Another enjoyable discussion between In Contention‘s Kris Tapley and Indiewire columnist Anne Thompson, this time focusing on the Toronto Film Festival highlights. They also get into the strange (some would say reality-defying) winning of the Venice Film Festival’s Golden Lion by Sofia Coppola‘s Somewhere.
The best film I saw at the Toronto Film Festival — the most sharply sculpted, exciting, electric — was Darren Aronofsky‘s Black Swan . I wasn’t the only one to feel this way, and this consensus gave the Fox Searchlight release serious Best Picture heat.
The most delicious film I saw during the festival — the most culturally profound and deeply satisfying all around — was David Fincher‘s The Social Network, but then I had to travel to catch it.
Danny Boyle‘s 127 Hours was certainly one of the best acted (i.e., James Franco‘s lead performance), the most surprising (in terms of the arm-cutting scene being less traumatic than I anticipated) and, perhaps the most surprising discovery of all, the most sensuous.
Matt Reeves‘ excellent Let Me In was the most surprising as no one expected to easily equal if not surpass Tomas Alfredson‘s original.
Tom Hooper‘s The King’s Speech is an old-fashioned, traditional-type drama, but appropriately so given the late-1930s English-royalty milieu. It’s a very well-crafted and emotionally satisfying drama. It emerged as a definite Best Picture contender; Colin Firth and Geoffrey Rush will certainly compete for Best Actor and Best Supporting Actor honors.
I didn’t see Alejandro Gonzalez Inarritu‘s Biutiful during the festival because I’d seen it in Cannes, but I can’t repeat strongly enough how penetrating Javier Bardem‘s lead performance is, and how rich and encompassing the film is in terms of considering the weight of it all.
Casey Affleck‘s I’m Still Here, the Joaquin Phoenix staged-meltdown doc, was easily the most grotesque in all senses of that term, although it is, to be fair, tightly assembled and never boring.
Errol Morris‘s Tabloid felt to me like the most satisfying documentary, but that was because I’d already seen and raved about Alex Gibney‘s Client 9: The Rise and Fall of Eliot Spitzer at the Tribeca Film Festival and Charles Ferguson‘s Inside Job in Cannes.
The festival’s most underwhelming film was either Robert Redford‘s The Conspirator or Clint Eastwood‘s Hereafter — a toss-up.
One of the best written dramas was John Cameron Mitchell‘s Rabbit Hole — an honestly presented, very well-acted piece about grief recovery.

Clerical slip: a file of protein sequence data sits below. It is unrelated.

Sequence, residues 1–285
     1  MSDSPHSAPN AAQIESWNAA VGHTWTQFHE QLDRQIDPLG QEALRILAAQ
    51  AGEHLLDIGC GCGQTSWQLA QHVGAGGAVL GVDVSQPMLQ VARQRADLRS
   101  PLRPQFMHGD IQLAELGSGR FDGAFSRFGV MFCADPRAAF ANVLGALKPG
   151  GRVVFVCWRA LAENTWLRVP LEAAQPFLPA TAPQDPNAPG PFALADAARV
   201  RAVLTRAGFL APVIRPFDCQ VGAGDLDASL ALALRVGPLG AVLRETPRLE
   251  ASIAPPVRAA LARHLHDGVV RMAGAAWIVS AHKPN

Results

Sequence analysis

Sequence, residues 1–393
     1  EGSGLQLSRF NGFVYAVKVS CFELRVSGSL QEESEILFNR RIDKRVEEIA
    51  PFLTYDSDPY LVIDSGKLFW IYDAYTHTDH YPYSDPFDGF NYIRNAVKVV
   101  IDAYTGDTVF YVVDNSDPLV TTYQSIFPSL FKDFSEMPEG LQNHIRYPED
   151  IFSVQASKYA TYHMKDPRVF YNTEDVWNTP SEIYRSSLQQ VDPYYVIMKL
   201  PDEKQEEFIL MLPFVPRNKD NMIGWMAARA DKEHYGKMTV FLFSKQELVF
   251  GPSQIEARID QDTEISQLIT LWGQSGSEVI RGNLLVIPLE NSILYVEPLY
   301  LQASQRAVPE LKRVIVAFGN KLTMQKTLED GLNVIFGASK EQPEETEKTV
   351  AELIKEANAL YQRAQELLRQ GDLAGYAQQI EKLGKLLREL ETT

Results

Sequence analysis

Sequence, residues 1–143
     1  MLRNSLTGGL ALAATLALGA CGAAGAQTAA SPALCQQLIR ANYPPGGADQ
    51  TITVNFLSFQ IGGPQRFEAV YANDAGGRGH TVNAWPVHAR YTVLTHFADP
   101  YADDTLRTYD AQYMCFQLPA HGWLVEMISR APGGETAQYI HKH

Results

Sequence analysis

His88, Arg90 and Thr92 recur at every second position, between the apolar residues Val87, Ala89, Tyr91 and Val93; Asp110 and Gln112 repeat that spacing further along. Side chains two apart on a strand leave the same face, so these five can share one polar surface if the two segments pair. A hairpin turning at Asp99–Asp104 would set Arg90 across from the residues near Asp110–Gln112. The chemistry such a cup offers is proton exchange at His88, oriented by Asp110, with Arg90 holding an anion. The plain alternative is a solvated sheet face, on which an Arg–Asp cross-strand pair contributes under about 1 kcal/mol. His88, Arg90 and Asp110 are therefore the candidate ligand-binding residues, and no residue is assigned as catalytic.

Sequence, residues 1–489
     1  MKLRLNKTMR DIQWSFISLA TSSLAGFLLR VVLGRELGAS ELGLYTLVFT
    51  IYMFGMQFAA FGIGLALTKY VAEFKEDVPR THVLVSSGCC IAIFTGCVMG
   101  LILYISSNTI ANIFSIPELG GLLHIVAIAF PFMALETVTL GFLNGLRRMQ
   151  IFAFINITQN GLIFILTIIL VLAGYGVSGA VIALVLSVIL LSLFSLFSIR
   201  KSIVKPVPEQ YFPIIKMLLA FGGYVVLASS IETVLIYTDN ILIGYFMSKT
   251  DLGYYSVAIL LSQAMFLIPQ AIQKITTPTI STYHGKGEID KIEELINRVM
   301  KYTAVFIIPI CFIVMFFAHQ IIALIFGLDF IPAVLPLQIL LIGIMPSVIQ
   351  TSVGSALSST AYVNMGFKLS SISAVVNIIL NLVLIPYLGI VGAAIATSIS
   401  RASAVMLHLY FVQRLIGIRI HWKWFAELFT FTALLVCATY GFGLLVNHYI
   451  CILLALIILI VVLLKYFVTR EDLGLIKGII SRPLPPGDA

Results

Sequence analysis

Perhaps the most irritating bad film I saw at the festival was John Madden ‘s The Debt.
I wasn’t able to stay through all of Tom Tykwer‘s Three, a German-language drama about basic older-married-person issues (death, infidelity, change, illness, the whole shebang), struck me as the most engaging Tykwer film I’ve seen since Run Lola Run.
I missed Richard Ayoade‘s Submarine…sorry. I missed a few others (irritating). Many other films wa=were shown and various events occured, but these were the standouts.
The best party, hands down, was the shindig thrown for Biutiful at Toronto’s Soho House.
It was first reported last April by Movieline‘s Kyle Buchanan that Social Network director David Fincher made Jesse Eisenberg and Rooney Mara perform an eight-page scene — the first in the film, a breakup scene — 99 times.
The same story is reported in Mark Harris‘s New York article about the making of The Social Network.
“Yes, you do a lot of takes,” says Social Network costar Armie Hammer, “but you feel extremely protected. He told me he knows that actors are inherently vain — we sit in front of a mirror and think to ourselves, Oh, in this moment, I’m gonna give him this look. And he didn’t want us to bring that to set.”
“So many Oscars are won in the tub,” Fincher tells Harris. “I want to take [the actors] past the point where they go, ‘But I had it all worked out!’ You have to be hypervigilant, especially with [Aaron] Sorkin’s writing, because sometimes actors will want to add another course to the meal that isn’t there. They’ll think that if you pause between sentences, it gives the lines meaning, and we had to disabuse everyone of that notion. And once they got that, they took to it like ducks.”